Applied Biochemistry and Biotechnology, Vol.191, No.1, 59-73, 2020
Deciphering Electron-Shuttling Characteristics of Neurotransmitters to Stimulate Bioelectricity-Generating Capabilities in Microbial Fuel Cells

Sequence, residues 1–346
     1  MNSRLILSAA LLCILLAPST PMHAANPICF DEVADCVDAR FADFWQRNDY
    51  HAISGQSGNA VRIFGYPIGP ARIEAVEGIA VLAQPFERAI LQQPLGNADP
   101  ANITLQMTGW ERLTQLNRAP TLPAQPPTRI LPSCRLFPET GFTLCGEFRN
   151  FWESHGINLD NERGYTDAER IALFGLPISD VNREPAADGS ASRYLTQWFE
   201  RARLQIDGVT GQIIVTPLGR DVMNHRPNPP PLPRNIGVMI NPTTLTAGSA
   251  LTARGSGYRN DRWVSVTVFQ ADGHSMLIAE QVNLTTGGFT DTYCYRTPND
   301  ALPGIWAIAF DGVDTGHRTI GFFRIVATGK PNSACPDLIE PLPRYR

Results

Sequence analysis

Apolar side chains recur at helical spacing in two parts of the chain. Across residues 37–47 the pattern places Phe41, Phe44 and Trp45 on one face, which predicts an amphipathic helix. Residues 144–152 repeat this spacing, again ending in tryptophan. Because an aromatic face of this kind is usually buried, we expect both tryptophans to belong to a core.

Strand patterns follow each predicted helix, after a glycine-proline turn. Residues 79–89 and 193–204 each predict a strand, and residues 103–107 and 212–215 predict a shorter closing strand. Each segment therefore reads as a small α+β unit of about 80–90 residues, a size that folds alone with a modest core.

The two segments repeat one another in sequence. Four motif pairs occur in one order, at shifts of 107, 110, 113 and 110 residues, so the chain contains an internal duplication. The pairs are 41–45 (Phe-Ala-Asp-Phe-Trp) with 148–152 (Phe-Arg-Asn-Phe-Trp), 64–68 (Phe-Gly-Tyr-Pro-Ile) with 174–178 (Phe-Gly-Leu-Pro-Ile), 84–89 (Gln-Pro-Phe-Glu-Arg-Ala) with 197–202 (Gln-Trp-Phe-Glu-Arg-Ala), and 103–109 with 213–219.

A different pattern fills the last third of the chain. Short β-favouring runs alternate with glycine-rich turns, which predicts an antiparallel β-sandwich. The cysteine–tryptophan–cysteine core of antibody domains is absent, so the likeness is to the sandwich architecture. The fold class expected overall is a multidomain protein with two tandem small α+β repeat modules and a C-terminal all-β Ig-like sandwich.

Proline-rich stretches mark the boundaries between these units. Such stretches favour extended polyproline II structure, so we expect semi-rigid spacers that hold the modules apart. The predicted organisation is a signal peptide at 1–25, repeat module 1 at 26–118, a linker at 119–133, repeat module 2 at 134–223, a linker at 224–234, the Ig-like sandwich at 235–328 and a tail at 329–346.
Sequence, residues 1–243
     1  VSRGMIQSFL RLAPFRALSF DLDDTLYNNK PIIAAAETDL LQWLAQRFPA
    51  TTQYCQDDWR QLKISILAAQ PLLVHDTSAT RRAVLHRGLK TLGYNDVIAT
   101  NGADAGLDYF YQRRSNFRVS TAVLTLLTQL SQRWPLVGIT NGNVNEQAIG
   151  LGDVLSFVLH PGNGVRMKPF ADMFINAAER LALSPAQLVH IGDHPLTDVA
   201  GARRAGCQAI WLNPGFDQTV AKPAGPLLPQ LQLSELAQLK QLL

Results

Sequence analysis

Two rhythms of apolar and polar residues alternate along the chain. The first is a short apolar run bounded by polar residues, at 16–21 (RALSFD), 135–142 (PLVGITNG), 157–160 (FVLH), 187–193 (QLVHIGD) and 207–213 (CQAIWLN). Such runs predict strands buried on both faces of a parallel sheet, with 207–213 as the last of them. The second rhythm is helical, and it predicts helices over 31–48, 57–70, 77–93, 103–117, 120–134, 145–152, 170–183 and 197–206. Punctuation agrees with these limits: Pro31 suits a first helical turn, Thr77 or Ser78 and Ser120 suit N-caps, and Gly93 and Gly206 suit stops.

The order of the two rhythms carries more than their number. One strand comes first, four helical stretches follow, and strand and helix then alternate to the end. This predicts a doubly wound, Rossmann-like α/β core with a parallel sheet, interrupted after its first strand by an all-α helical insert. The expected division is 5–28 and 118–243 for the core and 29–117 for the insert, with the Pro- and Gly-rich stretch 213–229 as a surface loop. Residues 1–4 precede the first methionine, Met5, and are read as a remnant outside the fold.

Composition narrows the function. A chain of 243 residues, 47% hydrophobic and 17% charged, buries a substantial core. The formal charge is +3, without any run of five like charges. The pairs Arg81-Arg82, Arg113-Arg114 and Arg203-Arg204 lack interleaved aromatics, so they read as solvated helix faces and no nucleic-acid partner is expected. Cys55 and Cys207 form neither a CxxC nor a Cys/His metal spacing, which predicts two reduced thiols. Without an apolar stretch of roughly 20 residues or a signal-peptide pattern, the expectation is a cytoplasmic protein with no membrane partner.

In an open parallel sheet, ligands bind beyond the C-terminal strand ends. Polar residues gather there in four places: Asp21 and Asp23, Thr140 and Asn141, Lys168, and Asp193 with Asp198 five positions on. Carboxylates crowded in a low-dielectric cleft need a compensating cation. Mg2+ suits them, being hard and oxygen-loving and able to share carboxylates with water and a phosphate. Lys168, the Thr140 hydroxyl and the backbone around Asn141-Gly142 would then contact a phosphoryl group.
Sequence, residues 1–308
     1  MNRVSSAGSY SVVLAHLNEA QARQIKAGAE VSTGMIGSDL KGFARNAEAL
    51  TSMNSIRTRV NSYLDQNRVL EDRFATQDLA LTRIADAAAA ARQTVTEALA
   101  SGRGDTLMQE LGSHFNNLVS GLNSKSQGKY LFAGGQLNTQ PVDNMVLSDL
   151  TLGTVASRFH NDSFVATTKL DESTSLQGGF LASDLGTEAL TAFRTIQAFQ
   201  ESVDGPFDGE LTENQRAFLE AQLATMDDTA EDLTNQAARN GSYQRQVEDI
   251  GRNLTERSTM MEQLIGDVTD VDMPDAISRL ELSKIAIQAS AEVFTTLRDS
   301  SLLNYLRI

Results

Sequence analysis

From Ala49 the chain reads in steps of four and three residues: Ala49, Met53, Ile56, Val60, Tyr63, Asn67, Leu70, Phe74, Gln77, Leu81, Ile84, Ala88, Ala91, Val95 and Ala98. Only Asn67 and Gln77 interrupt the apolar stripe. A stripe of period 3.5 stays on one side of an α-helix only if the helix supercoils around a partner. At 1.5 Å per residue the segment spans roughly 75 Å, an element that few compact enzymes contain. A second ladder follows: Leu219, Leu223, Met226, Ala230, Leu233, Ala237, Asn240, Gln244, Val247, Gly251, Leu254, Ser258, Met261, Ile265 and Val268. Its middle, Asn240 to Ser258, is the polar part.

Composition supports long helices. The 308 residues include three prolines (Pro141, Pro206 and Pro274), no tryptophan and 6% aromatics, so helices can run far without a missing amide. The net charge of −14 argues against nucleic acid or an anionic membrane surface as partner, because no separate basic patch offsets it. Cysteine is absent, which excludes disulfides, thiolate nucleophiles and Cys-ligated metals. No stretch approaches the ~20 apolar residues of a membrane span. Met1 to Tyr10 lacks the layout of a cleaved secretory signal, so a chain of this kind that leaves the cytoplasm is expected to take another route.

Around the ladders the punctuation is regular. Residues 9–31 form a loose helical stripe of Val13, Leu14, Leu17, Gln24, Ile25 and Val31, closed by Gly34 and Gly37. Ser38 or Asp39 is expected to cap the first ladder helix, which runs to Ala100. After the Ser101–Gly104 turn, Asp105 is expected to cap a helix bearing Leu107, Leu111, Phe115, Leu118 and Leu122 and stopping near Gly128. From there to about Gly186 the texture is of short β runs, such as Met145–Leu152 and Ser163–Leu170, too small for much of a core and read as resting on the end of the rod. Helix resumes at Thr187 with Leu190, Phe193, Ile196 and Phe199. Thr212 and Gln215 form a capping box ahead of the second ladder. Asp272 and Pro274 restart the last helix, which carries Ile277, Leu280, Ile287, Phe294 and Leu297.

This first-attempt study used electrochemical methods to quantitatively assess electron-shuttling capabilities of different neurotransmitters crucial to catecholamine biosynthesis in human brain. As prior studies mentioned, aromatics bearing ortho- or para-dihydroxybenzenes could reveal promising electroactivities to stimulate bioenergy generation in microbial fuel cells (MFCs). This feasibility study extended to investigate the electrochemical characteristics of catecholamines and trace amines (e.g., 14 model compounds selected from neurotransmitters) synthesized by human brain via cyclic voltammetry methods (CVs) and MFCs. Dopamine (DA), levodopa (L-DOPA), epinephrine (EP), norepinephrine (NP), and 3,4-dihydroxyphenylacetic acid (DOPAC) would perform the electron-shuttling characteristics, and the rest would not. In particular, DA formed by decarboxylation of L-DOPA could exhibit relatively higher electrochemical activities than their precursors. In addition, carboxylic acids formed by deamination and carboxylation of trace monoamines would reveal more significant reductive potential (E-pc); however, their oxidative electric currents seemed to be reduced. That is, chemical structure significantly influenced whether the electrochemical characteristics could be effectively expressed. This work also clearly revealed that neurotransmitters with ortho-dihydroxybenzenes exhibited promising stimulation to bioelectricity-generating capabilities of MFCs in the ranking of DA EP > NP > L-DOPA > DOPAC. This was consistent with ES behaviors as CV analyses indicated.